I hate spending more money than I have to, but I also tend to cut my arrival time to the wire. I’m rarely in a situation when I can afford to add even fifteen or twenty minutes to my time cushion. In nearly forty years of flying, I’ve never missed a flight, and I don’t intend to start now.
Especially not due to my luggage, of all things!
My research indicated that under Basic Economy, I couldn’t choose my seat. I literally do not care. I’m that rare creature, a middle seat person, anyway.
I couldn’t choose to sit next to my travel partner(s). Eh. We planned to sleep on the way east, so it didn't matter. We are currently sitting side by side on the return trip, which either says something about boarding last or about the enduring niceness of American Midwesterners. Either way, this restriction doesn’t bother me much because when I’m traveling with someone, we’re already planning to be together on the trip. What’s a brief break when we’re likely napping, reading, or watching a movie anyway?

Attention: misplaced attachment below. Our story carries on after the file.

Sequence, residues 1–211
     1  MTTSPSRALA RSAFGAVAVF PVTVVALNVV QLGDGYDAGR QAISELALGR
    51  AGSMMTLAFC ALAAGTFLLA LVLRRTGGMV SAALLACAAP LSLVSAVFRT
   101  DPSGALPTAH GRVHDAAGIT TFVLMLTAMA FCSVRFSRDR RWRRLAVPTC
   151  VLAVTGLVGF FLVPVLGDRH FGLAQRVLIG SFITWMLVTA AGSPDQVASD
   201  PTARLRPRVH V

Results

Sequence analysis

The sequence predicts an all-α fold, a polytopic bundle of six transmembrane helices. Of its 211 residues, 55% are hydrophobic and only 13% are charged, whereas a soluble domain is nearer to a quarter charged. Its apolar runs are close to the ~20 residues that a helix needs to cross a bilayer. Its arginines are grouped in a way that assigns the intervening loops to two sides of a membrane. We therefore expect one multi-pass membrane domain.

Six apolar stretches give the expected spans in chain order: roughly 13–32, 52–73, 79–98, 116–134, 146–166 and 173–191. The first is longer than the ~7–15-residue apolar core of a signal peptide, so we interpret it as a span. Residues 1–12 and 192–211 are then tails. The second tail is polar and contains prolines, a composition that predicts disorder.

I wouldn’t get a meal. Eh. Again, I was planning to sleep one way, and we never get fed during the westward leg regardless. I know what types of food travel well.
Most importantly in the list of restrictions that made this fare half-price, my fare would not include any bags! No checked bag (yawn) and no carry-on either! I could bring one solitary personal item, smaller than the original dimensions that were allowed when this type of fare debuted.
If this personal item was too large, I would have to pay not only the $30 checked bag charge, but a $25 handling fee on top. Bags are routinely weighed and measured.
This part interested me. I texted my friend about it and she utterly did not believe me! We went back and forth over it for a while. I offered to pay the $30 to check one large suitcase that we could both share, and that settled the matter.
Under these conditions, paying to check a bag was a good deal.
I’m not in love with the idea of paying $60 round-trip for luggage, but it was significantly cheaper than paying the extra $200 for a regular economy ticket. It was also cheaper than buying new outfits and paying to ship them home.
Some friends, roommates, or siblings might split the cost, sharing the bag and each paying for one leg of the trip. I covered the whole thing, partly because it was mostly my stuff and partly because my friend was covering the rental car. Obviously a romantic couple is likely to be sharing expenses, or figuring out how to do so in a way that makes sense, which fighting over money does not.